Prevalence of cagA and allelic variants of vacA on the H. pylori strains
Prevalence of cagA related to the main allelic combinations of vacA
Minimum inhibitory concentration of almond skin extracts against H. pylori (ATCC strains and clinical isolates)
NS G + D
Minimum inhibitory concentration of almond skin flavonoids against H.pylori (ATCC strains and clinical isolates)
All H. pylori strains tested were susceptible to amoxicillin (MIC90 0.25 μg/mL; range between 0.016 – 0.25 μg/mL). The MIC90 value of clarithromycin against H. pylori isolates was 0.5 μg/mL with MIC values ranging between 0.016 and 4 μg/mL. Two (6%) out of 32 isolates tested were clarithromycin resistant, one of which was isolated from patients suffering from gastritis harbouring the cagA+/vacAs1/m1 genotype.
The two clarithromycin-resistant strains were inhibited by almond skin extracts (NS, NS G, NS G + D) at 128 μg/mL; the MIC values of pure compounds (epicatechin, naringenin, protocatechuic acid) against these two strains were 256, 256, and 128 μg/mL, respectively.
Quality control MICs were within acceptable limits for all antimicrobial susceptibility testing.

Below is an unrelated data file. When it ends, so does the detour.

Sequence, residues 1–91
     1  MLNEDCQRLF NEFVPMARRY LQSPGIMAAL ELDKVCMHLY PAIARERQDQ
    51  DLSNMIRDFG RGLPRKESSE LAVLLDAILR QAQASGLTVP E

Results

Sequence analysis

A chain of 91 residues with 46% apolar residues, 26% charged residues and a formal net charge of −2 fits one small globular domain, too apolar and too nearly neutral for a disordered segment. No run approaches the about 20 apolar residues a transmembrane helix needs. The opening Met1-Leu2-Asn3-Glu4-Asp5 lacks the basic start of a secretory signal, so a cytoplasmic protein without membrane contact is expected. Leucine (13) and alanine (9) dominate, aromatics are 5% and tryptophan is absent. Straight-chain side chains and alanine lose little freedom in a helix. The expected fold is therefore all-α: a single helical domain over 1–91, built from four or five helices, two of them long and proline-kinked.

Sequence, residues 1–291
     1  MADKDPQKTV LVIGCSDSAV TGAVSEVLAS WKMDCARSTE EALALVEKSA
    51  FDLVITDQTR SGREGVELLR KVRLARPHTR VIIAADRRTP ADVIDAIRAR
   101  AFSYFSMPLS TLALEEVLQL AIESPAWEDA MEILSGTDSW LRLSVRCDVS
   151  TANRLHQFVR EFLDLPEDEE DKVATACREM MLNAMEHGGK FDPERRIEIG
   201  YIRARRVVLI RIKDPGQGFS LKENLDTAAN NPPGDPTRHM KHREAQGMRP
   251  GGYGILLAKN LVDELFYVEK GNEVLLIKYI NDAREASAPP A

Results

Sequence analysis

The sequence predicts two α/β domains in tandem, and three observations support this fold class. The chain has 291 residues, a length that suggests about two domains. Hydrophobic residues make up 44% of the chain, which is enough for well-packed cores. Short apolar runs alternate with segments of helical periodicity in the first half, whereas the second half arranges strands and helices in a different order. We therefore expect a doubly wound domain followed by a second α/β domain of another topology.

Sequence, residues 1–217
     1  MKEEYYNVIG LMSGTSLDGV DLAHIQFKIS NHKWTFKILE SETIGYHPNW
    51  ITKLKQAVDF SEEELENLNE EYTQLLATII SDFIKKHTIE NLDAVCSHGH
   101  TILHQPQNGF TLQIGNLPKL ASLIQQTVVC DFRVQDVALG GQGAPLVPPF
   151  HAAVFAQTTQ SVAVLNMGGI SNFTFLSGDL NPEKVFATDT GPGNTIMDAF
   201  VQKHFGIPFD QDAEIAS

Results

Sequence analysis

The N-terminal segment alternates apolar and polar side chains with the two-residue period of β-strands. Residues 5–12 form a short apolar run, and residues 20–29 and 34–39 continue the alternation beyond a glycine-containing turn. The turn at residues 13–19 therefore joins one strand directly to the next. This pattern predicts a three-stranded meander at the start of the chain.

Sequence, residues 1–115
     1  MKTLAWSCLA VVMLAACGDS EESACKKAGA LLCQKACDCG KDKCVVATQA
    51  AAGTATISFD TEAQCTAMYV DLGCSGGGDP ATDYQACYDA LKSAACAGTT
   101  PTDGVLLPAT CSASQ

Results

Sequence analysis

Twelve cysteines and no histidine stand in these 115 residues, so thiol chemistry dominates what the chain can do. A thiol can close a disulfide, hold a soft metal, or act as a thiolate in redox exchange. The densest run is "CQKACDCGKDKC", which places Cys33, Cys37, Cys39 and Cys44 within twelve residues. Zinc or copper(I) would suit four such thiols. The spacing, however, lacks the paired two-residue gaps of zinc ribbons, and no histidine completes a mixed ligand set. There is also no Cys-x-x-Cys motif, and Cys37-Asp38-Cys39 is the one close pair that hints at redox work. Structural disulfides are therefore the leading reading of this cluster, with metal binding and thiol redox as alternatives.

The results reported in the present paper demonstrated that polyphenols present in almond skins are effective against H. pylori strains, both ATCC and clinical isolates. As previously reported [21, 26], NS was the most active against the tested strains. This result could be due to the highest polyphenols concentration in NS, whereas a decrease in the total phenolic content was observed post in vitro gastric and post in vitro gastric plus duodenal digestion . Catechin, epicatechin, kaempferol (aglycone and conjugated) and isorhamnetin (aglycone and conjugated) were the major compounds identified in NS , leading to assume the combination of these polyphenols was responsible for the higher activity against H. pylori. Quercetin and kaempferol were shown to be active against a CagA + and a CagA- strain of H. pylori and a relationship between antimicrobial potential and antioxidant activity was only reported for the CagA- G 21 strain . The same authors have also recently reported an increased susceptibility to resveratrol of H. pylori strains isolated from patients suffering from gastric carcinomas . The investigation of the isolated compounds in the present work demonstrated that protocatechuic acid was more active than naringenin and epicatechin and the effectiveness of protocathechic acid against H. pylori in broth and stomach homogenates from mice has also been demonstrated by Liu et al. , with no differences between antibiotic susceptible and resistant strains. Other investigations have reported promising effect of natural compounds, such as hydrolysable tannins and lignans, on the proliferation of H. pylori and the prevention of gastric carcinogenesis [32, 33]. Reports on the mechanism of action of a range of flavonoids have shown that isoflavones and chalcones inhibited the urease secreted by H. pylori to survive the acidic conditions found in the stomach [34, 35]. Other flavonoids may also be responsible for the neutralization of the vacA via interference of the toll-like receptor 4 signaling induced by H. pylori[36, 37]. A recent study reported that the antimicrobial potential of the oligopeptide C12K-2 against H. pylori has a dual mode of action on both membrane and cytoplasmatic components . Although the rate of resistance to clarithromycin has significantly increased in several countries (13), the observed resistance to this antibiotic in the H. pylori isolates tested in the present work was surprisingly low (6%).